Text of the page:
Catherine Kuehn finds her grip on the steel bar as weights dangle intimidatingly from each end. Her muscles tense, her veins bulge. The world record holder takes a deep breath and deadlifts the apparatus with ease — up and down in a smooth, fast motion. Not bad for a 94-year-old.
“Oh, it’s something to do,” said Kuehn of lifting weights, setting records and approaching 100. “I never feel too accomplished about any of it.”
The Redmond weightlifter is, however, accomplished. Kuehn has two world records to her name: Deadlifting titles in the 147-pound weight class for women aged 80-90, and in the 132-pound class for women 90 and older. And she is not stopping there.
At 90, she could deadlift 93 pounds clean off the mat. That’s in the record books. And this weekend in Reno, Nevada, she’s going for another world record — lifting 104 pounds at age 94.
“Most people her age have a hard time lifting their keys,” said her trainer Dean Munsey. “What she’s doing is extraordinary.”
This extraordinary ability came late in life. Kuehn said she never worked with weights, played sports or even did much exercise until she was in her 60s.
“Oh heavens no,” she said. “Never. But I did like to sew.”
She spent much of her life as a doctor’s wife. Kuehn grew up in Indiana before marrying her husband, Dick, a pediatrician. He practiced for decades in Corvallis, then moved to Iowa for a short stint before they retired to Redmond. She got the nickname “Kay” when she was young, but prefers Catherine — because that’s what her husband liked.
“He always called me that with such affection,” she said.
The Kuehns raised three children. Catherine Kuehn was what in those days qualified as an older mother. She didn’t give birth until she was 34, and their youngest, their only son, didn’t arrive until she was 40.
“In those days you were asking for trouble, having a kid at that age,” she said.
She ran the medical office in addition to raising the children. She enjoyed working alongside her husband and watching how he treated his patients.
“He really cared about them,” said Kuehn. “He loved children, and they loved him.”
He loved his wife, too. He looked out for her like a husband and doctor would. When she was in her 60s, a scan showed her bone density was below average, a condition called osteopenia.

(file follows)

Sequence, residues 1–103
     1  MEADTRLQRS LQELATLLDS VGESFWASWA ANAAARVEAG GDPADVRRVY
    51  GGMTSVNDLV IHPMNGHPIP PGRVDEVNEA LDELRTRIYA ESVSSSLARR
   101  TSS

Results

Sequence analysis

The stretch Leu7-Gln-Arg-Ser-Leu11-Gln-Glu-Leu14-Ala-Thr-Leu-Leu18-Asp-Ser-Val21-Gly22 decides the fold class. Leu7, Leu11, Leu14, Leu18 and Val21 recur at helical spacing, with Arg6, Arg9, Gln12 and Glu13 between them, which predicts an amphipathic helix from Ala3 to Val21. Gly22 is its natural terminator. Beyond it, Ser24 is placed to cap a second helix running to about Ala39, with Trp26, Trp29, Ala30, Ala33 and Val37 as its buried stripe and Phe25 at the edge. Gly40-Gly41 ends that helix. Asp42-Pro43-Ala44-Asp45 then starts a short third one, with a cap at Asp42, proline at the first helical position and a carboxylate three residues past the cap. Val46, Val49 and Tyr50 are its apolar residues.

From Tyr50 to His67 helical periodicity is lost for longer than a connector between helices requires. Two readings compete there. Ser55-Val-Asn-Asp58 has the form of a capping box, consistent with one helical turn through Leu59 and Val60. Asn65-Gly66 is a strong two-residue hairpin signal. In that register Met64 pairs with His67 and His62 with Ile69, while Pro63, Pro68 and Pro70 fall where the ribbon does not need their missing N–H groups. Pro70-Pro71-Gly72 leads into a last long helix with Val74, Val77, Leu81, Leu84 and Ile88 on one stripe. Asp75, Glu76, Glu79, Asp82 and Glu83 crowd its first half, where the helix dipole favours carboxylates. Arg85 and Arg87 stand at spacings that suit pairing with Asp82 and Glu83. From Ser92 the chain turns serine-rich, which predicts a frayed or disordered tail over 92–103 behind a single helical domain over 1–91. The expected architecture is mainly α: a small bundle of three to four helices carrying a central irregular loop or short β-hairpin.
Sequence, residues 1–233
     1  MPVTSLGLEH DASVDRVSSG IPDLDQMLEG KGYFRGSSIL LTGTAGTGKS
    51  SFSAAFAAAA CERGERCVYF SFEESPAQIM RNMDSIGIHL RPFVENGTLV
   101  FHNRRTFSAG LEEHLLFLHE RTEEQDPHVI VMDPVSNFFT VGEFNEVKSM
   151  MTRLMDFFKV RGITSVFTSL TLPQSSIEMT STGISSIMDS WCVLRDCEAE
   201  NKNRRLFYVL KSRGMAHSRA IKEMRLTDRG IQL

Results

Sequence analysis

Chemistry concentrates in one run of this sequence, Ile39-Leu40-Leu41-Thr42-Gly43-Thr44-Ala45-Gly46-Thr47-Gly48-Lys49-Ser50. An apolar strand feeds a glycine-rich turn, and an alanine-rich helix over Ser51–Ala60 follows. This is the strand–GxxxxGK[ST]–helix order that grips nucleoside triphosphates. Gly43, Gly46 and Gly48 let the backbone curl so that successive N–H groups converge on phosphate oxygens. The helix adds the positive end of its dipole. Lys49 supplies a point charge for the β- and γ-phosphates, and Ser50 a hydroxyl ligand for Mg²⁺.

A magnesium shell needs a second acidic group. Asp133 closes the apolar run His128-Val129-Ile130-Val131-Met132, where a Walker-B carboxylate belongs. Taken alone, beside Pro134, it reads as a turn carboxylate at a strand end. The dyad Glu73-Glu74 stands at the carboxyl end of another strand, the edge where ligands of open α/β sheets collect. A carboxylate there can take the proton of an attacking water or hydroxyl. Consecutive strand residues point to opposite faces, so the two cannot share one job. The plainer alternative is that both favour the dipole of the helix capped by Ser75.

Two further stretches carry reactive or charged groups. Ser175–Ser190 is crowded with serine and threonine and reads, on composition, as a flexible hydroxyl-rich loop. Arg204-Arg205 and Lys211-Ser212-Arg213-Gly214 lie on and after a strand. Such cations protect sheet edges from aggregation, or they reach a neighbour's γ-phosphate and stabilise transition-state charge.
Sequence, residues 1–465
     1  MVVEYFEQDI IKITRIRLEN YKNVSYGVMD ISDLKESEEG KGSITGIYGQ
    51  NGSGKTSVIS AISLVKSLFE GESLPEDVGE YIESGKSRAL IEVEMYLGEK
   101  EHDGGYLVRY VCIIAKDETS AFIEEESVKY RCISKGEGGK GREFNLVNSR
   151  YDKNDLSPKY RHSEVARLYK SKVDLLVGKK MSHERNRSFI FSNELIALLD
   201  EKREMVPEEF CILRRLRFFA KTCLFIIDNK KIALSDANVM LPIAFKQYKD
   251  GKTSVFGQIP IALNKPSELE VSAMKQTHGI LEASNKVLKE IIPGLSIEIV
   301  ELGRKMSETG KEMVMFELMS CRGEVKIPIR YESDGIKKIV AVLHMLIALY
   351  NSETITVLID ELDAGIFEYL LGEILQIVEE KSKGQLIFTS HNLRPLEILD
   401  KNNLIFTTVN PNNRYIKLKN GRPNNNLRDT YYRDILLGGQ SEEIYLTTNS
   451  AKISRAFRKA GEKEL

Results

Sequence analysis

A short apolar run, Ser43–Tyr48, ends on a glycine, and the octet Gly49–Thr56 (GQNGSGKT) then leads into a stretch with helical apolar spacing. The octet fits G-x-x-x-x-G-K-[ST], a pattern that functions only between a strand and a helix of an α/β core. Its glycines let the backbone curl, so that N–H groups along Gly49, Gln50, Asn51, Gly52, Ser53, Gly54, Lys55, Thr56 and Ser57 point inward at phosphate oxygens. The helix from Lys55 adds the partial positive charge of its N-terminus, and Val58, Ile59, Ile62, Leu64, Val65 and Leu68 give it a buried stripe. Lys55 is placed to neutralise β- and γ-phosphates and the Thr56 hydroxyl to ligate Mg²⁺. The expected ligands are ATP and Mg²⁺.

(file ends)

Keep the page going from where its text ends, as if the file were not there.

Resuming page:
Dick suggested she start some strength training, in order to hold off osteoporosis and remain upright and healthy.
They both started working with Munsey, a trainer at Emergence Physical Therapy in Redmond. Munsey had competed in powerlifting events across the West for decades. He noticed right away that Catherine Kuehn had good form and was working hard to build strength. He thought training for a competition might give her extra incentive to work hard and keep showing up.
“She says she’s not competitive?” said Munsey. “She’s very competitive.”
It took months to win her over. The final hurdle was convincing her to wear a form-fitting singlet, the required outfit for all weightlifting competitions.
“It is not flattering at all,” said Kuehn.
But the competitions were. Kuehn was soon winning titles for her age group, then setting world records. She didn’t brag about it — so her husband did it for her.
“He’d introduce me to people as ‘My wife, the world-record holder,’” Kuehn recalled.
Dick Kuehn died in August 2021 of complications of heart disease and kidney failure. Catherine cared for him through his last days. During the pandemic she dared not leave home — not even to lift weights. She had to avoid COVID at all costs.
“If I brought it back to him, he would have died on the spot, he was so weak,” she said.
It was a difficult stretch of time and losing her husband made it much more so. But Kuehn said there was no doubt that she’d come back to the weight room.
“I didn’t want to get all stooped,” she said. “Plus, I missed it.”
Munsey said she has all of her strength back and then some. She trains with a friend, Peggy Neil, who is a decade her junior but works hard to keep up.
Adrian Robles practices with them as well. Robles has cerebral palsy and uses resistance training to build his upper body strength.
“He’s the real star,” said Kuehn.
All three are part of a Central Oregon team heading to Reno this weekend, hoping to bring back titles and world records.
“Oh, that’d just be great,” said Kuehn. “Can you imagine? Me? Another record?”